As I have stated before, although immigration has increased (documented and undocumented), homicides (and other violent crimes) have decreased. Immigrants that settled for a lawful permanent residence rose from 370,000 in 1970 to a little over 1 million in 2012 (the only exception to this is the spike between 1988 and 1991, with it peaking at 1.8 million).
The numbers below indicate raw crime numbers for the given year while the number in parentheses is the crime rate per 100,000 population. All state crime data is taken from http://www.ucrdatatool.gov
1970: 6,564 (370.3)
1980: 17,673 (650.9)
1990: 23,911 (652.4)
2000: 27,281 (531.7)
2010: 26,528 (413.6)
2012: 28,108 (428.9)
1970: 94,741 (474.8)
1980: 210,290 (893.6)
1990: 311,051 (1,045.2)
2000: 210,531 (621.6)
2010: 164,133 (439.6)
2012: 160,944 (423.1)
1970: 3,093 (304.4)
1980: 7,967 (615.0)
1990: 11,821 (780.2)
2000: 13,786 (757.9)
2010: 12,147 (588.0)
2012: 11,660 (559.1)
1970: 40,897 (365.3)
1980: 77,978 (550.3)
1990: 129,343 (761.4)
2000: 113,653 (545.1)
2010: 113,231 (448.4)
2012: 106,476 (408.6)
But the more important number by far would have to be the states with the most illegal immigrants. The Migration Policy Institute notes that nearly 6.5 million, more than half of the estimated 11 million illegal immigrants in the United States, reside in the five following states: California, Texas, New York, Florida, and Illinois (I’ll be covering the last three in this instance). As with the border states (except Arizona), Florida and Illinois show that same downward trend in violent crime, with New York being the only outsider. (Side note: Per the data, New York and Arizona only reversed their downward trends between 2010 and 2012 (the latest year for data available on UCR)).
1970: 124,613 (685.0)
1980: 180,235 (1,029.5)
1990: 212,458 (1,180.9)
2000: 105,111 (553.9)
2010: 76,492 (394.4)
2012: 79,610 (406.8)
1970: 33,824 (498.2)
1980: 94,095 (983.5)
1990: 160,990 (1,244.3)
2000: 129,777 (812.0)
2010: 101,969 (541.3)
2012: 94,087 (487.1)
1970: 52,006 (467.9)
1980: 91,753 (808.0)
1990: 110,575 (967.4)
2000: 81,196 (653.8)
2010: 57,132 (444.9)
2012: 53,403 (414.8)
Part III: Incarceration and Recidivism
Incarceration rates are another factor that has to be looked at when dealing with immigration and crime. According to the research of UC Irvine professor Rubén Rumbaut, “incarceration rates among both legal and illegal immigrants from Mexico, El Salvador, and Guatemala were all less than half the rate of U.S.-born whites. Immigrants without a high-school diploma had an incarceration rate that was one-fourth that of native-born high-school graduates, and one-seventh that of native-born dropouts.” Further research done by Rubén G. Rumbaut and Walter A. Ewing in 2007 reveals that “the incarceration rate of native-born men in this age group [age 18 to 39] (3.5%) was 5 times higher than the incarceration rate of foreign-born men (0.7%).” What’s more interesting is that the longer the length of residence in the United States, the more prone that immigrants are to being incarcerated.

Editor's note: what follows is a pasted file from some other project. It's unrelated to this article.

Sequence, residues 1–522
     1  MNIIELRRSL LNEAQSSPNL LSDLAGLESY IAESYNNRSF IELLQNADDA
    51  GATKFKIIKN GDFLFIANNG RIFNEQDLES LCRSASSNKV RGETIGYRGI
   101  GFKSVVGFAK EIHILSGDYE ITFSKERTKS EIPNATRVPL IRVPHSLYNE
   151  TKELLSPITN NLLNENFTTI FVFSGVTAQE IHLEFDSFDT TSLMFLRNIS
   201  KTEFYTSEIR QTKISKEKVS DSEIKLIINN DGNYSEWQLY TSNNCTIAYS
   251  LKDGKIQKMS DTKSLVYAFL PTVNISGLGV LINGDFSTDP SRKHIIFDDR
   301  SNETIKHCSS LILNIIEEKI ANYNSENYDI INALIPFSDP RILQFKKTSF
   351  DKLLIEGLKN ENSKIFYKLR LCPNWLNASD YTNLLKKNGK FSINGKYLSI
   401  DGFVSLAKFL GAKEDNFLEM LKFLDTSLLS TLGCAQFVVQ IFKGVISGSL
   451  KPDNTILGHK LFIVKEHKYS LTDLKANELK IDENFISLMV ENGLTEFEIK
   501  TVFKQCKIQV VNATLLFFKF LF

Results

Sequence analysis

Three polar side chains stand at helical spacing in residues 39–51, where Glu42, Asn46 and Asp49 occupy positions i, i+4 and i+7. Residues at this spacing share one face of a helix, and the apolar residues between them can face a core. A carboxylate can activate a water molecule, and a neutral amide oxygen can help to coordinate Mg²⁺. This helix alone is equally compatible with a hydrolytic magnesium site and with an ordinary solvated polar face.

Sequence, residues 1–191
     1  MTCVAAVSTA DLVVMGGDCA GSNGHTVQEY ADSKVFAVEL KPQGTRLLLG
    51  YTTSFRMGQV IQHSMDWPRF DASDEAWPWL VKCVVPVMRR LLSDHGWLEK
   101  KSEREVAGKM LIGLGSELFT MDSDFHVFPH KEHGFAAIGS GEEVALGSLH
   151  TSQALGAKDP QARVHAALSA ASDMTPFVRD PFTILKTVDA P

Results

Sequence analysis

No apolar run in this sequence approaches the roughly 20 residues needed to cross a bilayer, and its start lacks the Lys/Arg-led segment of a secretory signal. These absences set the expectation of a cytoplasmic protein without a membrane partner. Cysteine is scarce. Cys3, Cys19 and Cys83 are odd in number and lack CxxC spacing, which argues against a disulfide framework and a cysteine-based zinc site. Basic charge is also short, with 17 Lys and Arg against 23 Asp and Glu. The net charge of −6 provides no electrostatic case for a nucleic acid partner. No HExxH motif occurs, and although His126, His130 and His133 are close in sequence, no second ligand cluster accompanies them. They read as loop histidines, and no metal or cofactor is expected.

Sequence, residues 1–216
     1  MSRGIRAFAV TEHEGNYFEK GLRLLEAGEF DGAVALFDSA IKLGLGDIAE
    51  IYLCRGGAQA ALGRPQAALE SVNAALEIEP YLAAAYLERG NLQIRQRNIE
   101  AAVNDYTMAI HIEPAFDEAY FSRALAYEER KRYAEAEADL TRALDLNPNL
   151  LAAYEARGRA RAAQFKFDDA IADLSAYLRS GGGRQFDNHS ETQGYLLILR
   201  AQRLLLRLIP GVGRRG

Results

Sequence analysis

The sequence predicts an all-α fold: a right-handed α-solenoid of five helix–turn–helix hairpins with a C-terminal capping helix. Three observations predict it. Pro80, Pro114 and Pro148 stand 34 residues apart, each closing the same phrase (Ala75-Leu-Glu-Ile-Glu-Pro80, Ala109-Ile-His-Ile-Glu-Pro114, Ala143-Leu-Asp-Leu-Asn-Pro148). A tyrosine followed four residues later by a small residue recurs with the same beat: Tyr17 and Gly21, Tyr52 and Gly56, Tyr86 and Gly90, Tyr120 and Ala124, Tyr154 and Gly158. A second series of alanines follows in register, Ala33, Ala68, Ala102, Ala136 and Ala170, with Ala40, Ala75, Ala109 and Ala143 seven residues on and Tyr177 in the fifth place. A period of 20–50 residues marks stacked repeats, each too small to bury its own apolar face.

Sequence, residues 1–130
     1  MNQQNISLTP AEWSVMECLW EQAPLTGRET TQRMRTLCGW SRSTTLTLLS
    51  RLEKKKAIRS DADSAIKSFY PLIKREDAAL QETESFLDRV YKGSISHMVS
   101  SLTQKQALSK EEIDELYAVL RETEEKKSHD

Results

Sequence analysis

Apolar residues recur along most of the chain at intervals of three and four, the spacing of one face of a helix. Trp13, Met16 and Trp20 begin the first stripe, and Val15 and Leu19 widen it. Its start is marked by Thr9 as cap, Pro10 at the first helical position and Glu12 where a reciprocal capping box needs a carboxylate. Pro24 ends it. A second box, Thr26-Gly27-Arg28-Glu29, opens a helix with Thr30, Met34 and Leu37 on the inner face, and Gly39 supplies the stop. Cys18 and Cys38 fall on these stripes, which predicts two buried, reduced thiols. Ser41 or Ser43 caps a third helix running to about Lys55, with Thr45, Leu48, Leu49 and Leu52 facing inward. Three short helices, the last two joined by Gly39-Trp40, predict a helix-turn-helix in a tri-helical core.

Drawing from the 2010 census, The American Immigration Council reported that “roughly 1.6% of immigrant males age 18-39 are incarcerated, compared to 3.3% of the native-born. This disparity in incarceration rates has existed for decades, as evidenced by data from the 1980, 1990, and 2000 decennial censuses. In each of those years, the incarceration rates of the native-born were anywhere from two to five times higher than that of immigrants.” They also noted that the government’s definition of the term “criminal alien” has been redefined to the point where a simple brush with the criminal justice system can subject them to detention for an unknown amount of time and then are kicked out of the country.
Crime rates along the border are no different. In 2011, USA Today analyzed more than 1,600 city and county police agencies across the border between 1998 and 2008, finding that violent crime is often lower near the border than the rest of a police agency’s parent state.
As to why immigration incarceration rates are so low, Kristin F. Butcher Anne Morrison Piehl present several explanations including an increase in deportations, the adoption of policies that increased criminal penalties, and changes in the legal, economic, and social environment that might have affected immigration. The Federal Reserve Bank of Chicago conducted a study back in 2005 that also gave a possible explanation for the low rates of immigrant incarceration, gradual exposure to the U.S. criminal justice system before one is likely to be institutionalized. They also note shared characteristics with native-born Americans who have high institutionalization rates, including education, race, and age.
The Public Policy Institute of California further explains that “those in the country illegally have an additional incentive to avoid contact with law enforcement, even for minor offenses, since such contact is likely to increase the chances that their illegal status will be revealed.”
A 2008 study by Hickman and Suttorp shows that “The results suggest that deportable aliens are no greater threat to public safety than are legal immigrants released from incarceration at the same place and time. […] Whereas deportable aliens were more likely to have a prior conviction, this finding is less meaningful because a prior conviction could have been the cause of their deportable status under federal immigration law.” They concluded that additional study was needed, especially to see if results differed “depending on type of deportable alien, for example, those who entered illegally and never obtained legal status versus those who entered legally but whose legal status has lapsed or been revoked.”